Stack Overflow is a community of 4.7 million programmers, just like you, helping each other.

Join them; it only takes a minute:

Sign up
Join the Stack Overflow community to:
  1. Ask programming questions
  2. Answer and help your peers
  3. Get recognized for your expertise

Geometry code gets tiresome after a while, but I want to finish this library, so here goes.

Basically, what's the most efficient way to move one line segment, A, so that it no longer intersects with another, B?

Both line segments are defined with a start point (x, y) and a vector describing how the segment extends from that point (eX, eY). An example of how the line segment is described is below:

enter image description here

The solution I'm looking for is where the line segment is moved (its extent is not modified in any way) to the nearest location where it does not intersect. An example:

enter image description here

What is the most efficient way to get this result?

EDIT: People have asked what I mean by "move" - I mean change the (x, y) coordinate of the line segment start point. This will translate the entire segment.

And the line segments exist on the Cartesian plane, and any x/y movement is allowed.

share|improve this question
    
in which directions can you move? – j13r Apr 14 '12 at 20:09
    
What does move mean? Change x,y but leave ex,ey constant? Can I change x,y,ex,ey as long as the length of the segment remains constant? – emory Apr 14 '12 at 20:12
up vote 4 down vote accepted

How about this: find the four vectors: two from red line's endpoints going perpendicularly to the black line, and two going perpendicularly from the red line to the black line's endpoints. Take the shortest of these vectors and move the red line along it.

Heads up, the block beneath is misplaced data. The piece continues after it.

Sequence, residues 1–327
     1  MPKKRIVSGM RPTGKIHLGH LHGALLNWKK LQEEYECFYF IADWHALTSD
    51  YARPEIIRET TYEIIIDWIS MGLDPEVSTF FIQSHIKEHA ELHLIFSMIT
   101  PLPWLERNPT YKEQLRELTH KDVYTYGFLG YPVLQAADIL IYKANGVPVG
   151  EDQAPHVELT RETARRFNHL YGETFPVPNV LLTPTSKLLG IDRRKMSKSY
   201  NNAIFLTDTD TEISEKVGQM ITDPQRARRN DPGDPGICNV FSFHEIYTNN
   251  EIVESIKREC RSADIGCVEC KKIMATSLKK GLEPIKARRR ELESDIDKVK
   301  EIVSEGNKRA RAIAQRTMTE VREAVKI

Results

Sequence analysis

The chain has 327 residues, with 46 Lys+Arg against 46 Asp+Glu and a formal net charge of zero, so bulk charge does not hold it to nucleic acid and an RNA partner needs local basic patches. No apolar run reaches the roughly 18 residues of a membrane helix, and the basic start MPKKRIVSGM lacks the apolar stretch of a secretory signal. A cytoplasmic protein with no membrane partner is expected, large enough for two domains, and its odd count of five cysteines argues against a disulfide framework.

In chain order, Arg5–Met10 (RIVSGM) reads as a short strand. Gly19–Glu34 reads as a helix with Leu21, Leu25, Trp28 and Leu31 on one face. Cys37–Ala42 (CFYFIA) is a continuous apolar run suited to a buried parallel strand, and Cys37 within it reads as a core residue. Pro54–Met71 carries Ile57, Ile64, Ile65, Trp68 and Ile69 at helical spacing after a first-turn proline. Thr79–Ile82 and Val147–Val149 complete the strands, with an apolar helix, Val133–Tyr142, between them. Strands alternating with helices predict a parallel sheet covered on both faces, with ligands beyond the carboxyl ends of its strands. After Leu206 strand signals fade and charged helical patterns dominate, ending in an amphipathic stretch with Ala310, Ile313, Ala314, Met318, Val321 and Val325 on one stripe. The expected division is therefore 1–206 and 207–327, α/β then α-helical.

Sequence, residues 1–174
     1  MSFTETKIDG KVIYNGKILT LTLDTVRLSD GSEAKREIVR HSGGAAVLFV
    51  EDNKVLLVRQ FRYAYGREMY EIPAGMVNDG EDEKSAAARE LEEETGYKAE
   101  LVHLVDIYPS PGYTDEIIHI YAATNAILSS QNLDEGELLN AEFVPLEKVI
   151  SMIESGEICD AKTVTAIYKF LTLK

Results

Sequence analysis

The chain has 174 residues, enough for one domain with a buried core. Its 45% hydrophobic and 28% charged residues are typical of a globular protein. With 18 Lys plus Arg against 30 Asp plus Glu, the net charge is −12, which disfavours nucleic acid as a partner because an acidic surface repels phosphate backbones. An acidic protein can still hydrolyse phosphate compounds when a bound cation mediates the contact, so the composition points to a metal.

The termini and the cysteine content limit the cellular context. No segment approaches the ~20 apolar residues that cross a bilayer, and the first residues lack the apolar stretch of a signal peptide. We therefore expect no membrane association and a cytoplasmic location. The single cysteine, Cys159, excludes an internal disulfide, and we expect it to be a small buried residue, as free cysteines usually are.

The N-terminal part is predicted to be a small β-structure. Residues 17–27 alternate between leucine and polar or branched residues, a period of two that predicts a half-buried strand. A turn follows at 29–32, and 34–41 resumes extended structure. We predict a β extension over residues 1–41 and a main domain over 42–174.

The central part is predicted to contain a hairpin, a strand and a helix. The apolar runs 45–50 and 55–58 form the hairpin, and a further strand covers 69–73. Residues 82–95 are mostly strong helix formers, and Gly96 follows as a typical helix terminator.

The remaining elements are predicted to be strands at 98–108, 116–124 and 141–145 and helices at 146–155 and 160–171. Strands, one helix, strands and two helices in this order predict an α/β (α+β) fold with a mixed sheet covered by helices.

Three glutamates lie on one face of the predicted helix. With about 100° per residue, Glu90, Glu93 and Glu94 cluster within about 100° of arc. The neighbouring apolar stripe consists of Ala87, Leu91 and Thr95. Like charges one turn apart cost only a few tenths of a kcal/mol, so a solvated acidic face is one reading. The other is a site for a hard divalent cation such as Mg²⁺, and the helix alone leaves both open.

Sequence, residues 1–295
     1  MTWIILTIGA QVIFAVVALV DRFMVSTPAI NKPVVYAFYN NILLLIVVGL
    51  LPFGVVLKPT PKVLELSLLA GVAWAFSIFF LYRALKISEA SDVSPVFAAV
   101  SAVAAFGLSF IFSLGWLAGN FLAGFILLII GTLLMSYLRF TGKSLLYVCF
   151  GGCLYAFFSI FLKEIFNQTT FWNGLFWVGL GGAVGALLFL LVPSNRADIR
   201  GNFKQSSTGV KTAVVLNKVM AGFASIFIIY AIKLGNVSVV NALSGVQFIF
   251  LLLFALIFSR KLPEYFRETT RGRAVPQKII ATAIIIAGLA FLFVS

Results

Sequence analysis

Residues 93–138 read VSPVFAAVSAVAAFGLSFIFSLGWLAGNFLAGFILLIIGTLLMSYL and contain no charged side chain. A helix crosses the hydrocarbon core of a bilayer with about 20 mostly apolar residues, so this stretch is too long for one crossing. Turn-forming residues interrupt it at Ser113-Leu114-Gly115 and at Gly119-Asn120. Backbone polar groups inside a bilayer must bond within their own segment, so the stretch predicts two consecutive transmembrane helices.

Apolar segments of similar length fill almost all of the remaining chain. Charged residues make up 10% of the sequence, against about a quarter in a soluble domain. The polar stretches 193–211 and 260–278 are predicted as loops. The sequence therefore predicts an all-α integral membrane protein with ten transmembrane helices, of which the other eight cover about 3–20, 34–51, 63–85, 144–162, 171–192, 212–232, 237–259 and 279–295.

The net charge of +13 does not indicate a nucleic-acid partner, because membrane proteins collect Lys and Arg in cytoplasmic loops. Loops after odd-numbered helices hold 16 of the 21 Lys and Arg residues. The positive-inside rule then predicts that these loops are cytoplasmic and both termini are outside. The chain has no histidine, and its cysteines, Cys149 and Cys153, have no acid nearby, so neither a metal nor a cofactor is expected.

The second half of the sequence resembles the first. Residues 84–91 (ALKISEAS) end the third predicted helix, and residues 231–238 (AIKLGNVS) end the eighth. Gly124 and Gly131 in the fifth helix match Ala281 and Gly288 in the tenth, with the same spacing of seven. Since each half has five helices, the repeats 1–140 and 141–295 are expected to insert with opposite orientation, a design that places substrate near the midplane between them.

share|improve this answer
    
That's a very good idea. – CodeBunny Apr 14 '12 at 20:20

Since you don't specify in which dimension you are free to move, I will assume that any are fine.

I assume your red line is characterized by a starting point (x,y), and a vector from there to the endpoint (eX,eY). Any point on the line is thus [0,1]*(eX,eY)+(x,y).

Lets find the point where lines cross. That's where a*(eX1,eY1)+(x1,y1) = (eX2,eY2)+(x2,y2) with a in [0,1].

If this crossing exists, you can just move the line so that it ends at this crosspoint, with a being the length you have to move.

(x1',y1') = (x1,y1) - a*(eX1,eY1)

This way, you move the starting point away until the crossing point you found before is the touching point of the two lines.

share|improve this answer
    
The problem with this method is that it is not the shortest possible distance to travel. Yes, it solves the collision, but in a very non-optimal way. – CodeBunny Apr 14 '12 at 20:19

Your Answer

 
discard

By posting your answer, you agree to the privacy policy and terms of service.

Not the answer you're looking for? Browse other questions tagged or ask your own question.